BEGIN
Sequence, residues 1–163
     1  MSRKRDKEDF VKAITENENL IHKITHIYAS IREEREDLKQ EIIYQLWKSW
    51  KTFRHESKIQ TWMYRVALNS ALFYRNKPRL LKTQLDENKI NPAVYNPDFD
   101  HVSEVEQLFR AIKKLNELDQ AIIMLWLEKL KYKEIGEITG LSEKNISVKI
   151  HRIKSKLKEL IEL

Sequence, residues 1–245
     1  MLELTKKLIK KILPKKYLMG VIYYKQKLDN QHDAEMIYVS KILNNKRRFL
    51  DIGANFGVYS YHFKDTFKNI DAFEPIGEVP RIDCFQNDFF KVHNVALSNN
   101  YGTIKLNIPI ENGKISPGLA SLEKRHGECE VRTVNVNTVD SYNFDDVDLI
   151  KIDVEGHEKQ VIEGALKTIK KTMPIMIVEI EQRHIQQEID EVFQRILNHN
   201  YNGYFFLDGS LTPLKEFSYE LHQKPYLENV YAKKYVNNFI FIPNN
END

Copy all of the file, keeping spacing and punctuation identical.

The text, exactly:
Sequence, residues 1–163
     1  MSRKRDKEDF VKAITENENL IHKITHIYAS IREEREDLKQ EIIYQLWKSW
    51  KTFRHESKIQ TWMYRVALNS ALFYRNKPRL LKTQLDENKI NPAVYNPDFD
   101  HVSEVEQLFR AIKKLNELDQ AIIMLWLEKL KYKEIGEITG LSEKNISVKI
   151  HRIKSKLKEL IEL

Sequence, residues 1–245
     1  MLELTKKLIK KILPKKYLMG VIYYKQKLDN QHDAEMIYVS KILNNKRRFL
    51  DIGANFGVYS YHFKDTFKNI DAFEPIGEVP RIDCFQNDFF KVHNVALSNN
   101  YGTIKLNIPI ENGKISPGLA SLEKRHGECE VRTVNVNTVD SYNFDDVDLI
   151  KIDVEGHEKQ VIEGALKTIK KTMPIMIVEI EQRHIQQEID EVFQRILNHN
   201  YNGYFFLDGS LTPLKEFSYE LHQKPYLENV YAKKYVNNFI FIPNN